Save as otherwise expressly provided in this Act, every order passed or direction issued by the State Government or other passed or notice issued by any Regional Board, Planning Authority or Development Authority under this Act shall be final and shall not be questioned in any suit or other legal proceedings.

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13. In Addanki Tiruvenkata (supra) while considering the question as regards jurisdiction of the civil Court being barred in view of such bar contained in a special statute, in para 26 it has been observed thus:

The scope of the exception here made was the subject of examination by this Court in the case of Firm of Illuri Subbayya Chetty v. State of Andhra Pradesh, C.A. No. 315 of 1962 D/-25-1-1963: (MANU/SC/0211/1963 : AIR 1964 SC 322) where Gajendragadkar J. speaking for the Court said:

Non-compliance with the provisions of the statute to which reference is made by the Privy Council must, we think, be non compliance with such fundamental provisions of the statute as would make the entire proceedings before the appropriate authority illegal and without jurisdiction. Similarly, if an appropriate authority has acted in violation of the fundamental principles or judicial procedure, that may also tend to make the proceedings illegal and void and this infirmity may affect the validity of the order passed by the authority in question. It is cases of this character where the defect or the infirmity in the order goes to the root of the order and makes it in law invalid and void that these observations may perhaps be invoked in support of the plea that the civil court can exercise its jurisdiction notwithstanding a provision to the contrary contained in the relevant statute.

In Shiv Kumar Chadha (supra) the Supreme Court in paragraph 28 of its decision observed thus:

In spite of the bar prescribed under sub sections (4) and (5) of Section 343 and Section 347-E of the Corporation Act over the power of the courts, under certain special circumstances, the court can examine, whether the dispute falls within the ambit of the Act. But once the court is satisfied that either the provisions of the Act are not applicable to the building in question or the basic procedural requirements which are vital in nature, have not been followed, it shall have jurisdiction, to enquire and investigate while protecting the common law rights of the citizens.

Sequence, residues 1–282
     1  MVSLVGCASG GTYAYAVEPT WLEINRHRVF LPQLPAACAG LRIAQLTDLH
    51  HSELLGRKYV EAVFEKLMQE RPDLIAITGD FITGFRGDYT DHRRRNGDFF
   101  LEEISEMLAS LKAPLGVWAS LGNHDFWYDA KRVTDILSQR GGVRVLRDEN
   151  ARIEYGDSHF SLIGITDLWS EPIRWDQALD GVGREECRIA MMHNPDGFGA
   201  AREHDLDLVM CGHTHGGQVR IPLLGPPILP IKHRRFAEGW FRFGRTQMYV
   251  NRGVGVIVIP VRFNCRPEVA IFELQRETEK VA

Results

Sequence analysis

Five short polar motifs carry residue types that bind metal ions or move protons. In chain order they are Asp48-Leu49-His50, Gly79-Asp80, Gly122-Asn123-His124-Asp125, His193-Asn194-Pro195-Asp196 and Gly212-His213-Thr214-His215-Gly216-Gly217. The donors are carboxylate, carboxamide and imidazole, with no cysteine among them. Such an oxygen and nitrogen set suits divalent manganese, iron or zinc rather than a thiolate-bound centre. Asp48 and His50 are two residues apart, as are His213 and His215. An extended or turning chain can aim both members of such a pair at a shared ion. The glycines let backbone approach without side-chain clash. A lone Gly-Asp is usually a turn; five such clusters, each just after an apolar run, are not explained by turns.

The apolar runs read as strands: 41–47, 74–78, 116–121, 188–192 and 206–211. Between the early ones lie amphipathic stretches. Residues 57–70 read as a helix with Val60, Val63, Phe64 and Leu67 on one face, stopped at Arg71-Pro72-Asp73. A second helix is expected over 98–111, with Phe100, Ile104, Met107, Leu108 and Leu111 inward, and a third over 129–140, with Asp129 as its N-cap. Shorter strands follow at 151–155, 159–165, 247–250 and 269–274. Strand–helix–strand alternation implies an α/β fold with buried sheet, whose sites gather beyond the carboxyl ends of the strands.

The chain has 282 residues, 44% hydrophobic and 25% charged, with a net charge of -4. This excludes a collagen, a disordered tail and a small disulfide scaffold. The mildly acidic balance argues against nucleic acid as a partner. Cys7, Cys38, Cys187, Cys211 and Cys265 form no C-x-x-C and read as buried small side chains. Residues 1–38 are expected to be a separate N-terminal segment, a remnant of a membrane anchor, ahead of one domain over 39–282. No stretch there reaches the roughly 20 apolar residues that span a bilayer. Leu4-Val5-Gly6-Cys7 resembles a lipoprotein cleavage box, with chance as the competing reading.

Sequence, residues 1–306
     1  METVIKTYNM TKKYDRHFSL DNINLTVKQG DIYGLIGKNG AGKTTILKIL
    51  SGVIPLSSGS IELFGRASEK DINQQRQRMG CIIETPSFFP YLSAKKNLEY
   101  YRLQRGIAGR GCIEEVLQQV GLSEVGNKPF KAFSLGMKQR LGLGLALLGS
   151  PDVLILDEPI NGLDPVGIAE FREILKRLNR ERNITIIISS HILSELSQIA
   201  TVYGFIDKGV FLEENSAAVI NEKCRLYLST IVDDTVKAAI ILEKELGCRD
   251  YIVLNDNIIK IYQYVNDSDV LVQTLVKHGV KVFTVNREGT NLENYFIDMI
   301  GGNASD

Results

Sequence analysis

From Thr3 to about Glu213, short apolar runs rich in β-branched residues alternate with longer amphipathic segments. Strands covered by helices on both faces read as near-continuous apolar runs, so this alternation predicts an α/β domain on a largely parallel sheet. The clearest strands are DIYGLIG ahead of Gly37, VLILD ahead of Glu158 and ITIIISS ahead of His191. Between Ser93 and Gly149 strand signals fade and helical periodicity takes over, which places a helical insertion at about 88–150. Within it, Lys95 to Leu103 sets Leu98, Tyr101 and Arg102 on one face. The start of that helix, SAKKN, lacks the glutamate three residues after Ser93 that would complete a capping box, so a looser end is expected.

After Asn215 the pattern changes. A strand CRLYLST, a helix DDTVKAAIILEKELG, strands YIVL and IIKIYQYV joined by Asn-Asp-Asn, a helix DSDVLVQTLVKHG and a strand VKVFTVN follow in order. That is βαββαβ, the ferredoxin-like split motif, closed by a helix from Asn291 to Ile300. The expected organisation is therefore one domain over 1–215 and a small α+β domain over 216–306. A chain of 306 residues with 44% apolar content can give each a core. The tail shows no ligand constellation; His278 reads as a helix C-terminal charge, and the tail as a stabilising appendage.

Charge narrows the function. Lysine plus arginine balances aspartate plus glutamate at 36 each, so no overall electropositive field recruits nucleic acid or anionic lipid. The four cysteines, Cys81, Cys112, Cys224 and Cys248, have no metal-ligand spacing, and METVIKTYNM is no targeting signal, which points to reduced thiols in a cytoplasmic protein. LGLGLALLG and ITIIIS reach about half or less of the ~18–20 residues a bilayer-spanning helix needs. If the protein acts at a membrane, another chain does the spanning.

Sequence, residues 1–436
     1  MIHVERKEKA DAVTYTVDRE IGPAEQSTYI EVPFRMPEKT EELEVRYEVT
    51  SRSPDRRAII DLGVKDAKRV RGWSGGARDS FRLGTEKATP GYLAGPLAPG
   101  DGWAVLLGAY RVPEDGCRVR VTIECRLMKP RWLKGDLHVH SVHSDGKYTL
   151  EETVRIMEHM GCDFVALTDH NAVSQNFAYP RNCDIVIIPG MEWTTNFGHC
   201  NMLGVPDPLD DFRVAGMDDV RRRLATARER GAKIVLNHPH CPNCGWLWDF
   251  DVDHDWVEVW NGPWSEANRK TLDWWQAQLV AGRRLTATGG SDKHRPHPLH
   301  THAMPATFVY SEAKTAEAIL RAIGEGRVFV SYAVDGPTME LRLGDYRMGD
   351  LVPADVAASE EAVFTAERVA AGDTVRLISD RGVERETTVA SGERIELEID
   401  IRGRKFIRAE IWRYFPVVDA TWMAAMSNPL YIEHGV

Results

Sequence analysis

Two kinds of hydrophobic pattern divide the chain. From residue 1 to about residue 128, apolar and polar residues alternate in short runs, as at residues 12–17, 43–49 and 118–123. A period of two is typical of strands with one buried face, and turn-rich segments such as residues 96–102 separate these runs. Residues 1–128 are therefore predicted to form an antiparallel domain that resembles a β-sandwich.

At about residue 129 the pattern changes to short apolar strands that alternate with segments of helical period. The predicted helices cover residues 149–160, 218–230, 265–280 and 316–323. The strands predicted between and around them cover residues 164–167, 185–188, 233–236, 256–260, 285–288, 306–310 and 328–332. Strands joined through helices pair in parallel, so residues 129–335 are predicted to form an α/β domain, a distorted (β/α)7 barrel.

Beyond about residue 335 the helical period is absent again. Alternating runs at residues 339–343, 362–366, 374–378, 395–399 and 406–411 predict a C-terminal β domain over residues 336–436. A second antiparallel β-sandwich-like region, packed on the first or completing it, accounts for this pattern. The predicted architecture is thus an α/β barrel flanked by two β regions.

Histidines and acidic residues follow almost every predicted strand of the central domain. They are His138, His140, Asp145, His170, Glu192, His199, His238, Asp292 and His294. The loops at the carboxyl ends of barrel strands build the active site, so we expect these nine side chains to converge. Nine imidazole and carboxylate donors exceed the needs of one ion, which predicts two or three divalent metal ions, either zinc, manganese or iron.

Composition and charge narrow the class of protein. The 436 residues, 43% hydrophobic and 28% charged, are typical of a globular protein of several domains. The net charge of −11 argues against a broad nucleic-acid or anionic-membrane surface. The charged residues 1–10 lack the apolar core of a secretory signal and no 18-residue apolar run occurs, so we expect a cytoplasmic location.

14. It is well settled that despite exclusion of jurisdiction of the Civil Court, where the grievance is in relation to failure to comply with statutory provisions, such cases can be examined by the Civil Court. In State of Kerala Vs. M/s. N. Ramaswami Iyer and Sons, AIR 1966 SC 1738 in para 8 it has been held thus:

8.It is true that even if the jurisdiction of the civil court is excluded, where the provisions of the statute have not been complied with or the statutory tribunal has not acted in conformity with the fundamental principles of judicial procedure, the civil courts have jurisdiction to examine those cases: Secretary of State v. Mask and Co., 67 Ind APP 222: (MANU/PR/0022/1940 : AIR 1940 PC 105).
In Firm Seth Radha Kishan Vs. Administrator, Municipal Committee, Ludhiana, AIR 1963 SC 1547 which considering the aspect of ouster of jurisdiction of the Civil Court by a special statute, it was held as under:

7.Under S. 9 of the Code of Civil Procedure the Court shall have jurisdiction to try all suits of civil nature excepting suits of which cognizance is either expressly or impliedly barred. A statute, therefore, expressly or by necessary implication, can bar the jurisdiction of civil Courts in respect of a particular matter. The mere conferment of special jurisdiction on a tribunal in respect of the said matter does not in itself exclude the jurisdiction of civil Courts. The statute may specifically provide for ousting the jurisdiction of civil Courts, even if there was no such specific exclusion, if it creates a liability not existing before and gives a special and particular remedy for the aggrieved party, the remedy provided by it must be followed. The same principle would apply if the statute had provided for the particular forum in which the remedy could be had. Even in such cases, the Civil Court’s jurisdiction is not completely ousted. A suit in a civil Court will always lie to question the order of a tribunal created by a statute, even if its order is expressly or by necessary implication, made final, if the said tribunal abuses its power or does not act under the Act but in violation of its provisions.
Similarly, in Krishanlal Vs. State of J K MANU/SC/0728/1994 : (1994) 4 SCC 422, it was held that violation of a mandatory statutory provision while passing the impugned order would not amount to an act done under the Act. In para 11 it was observed thus: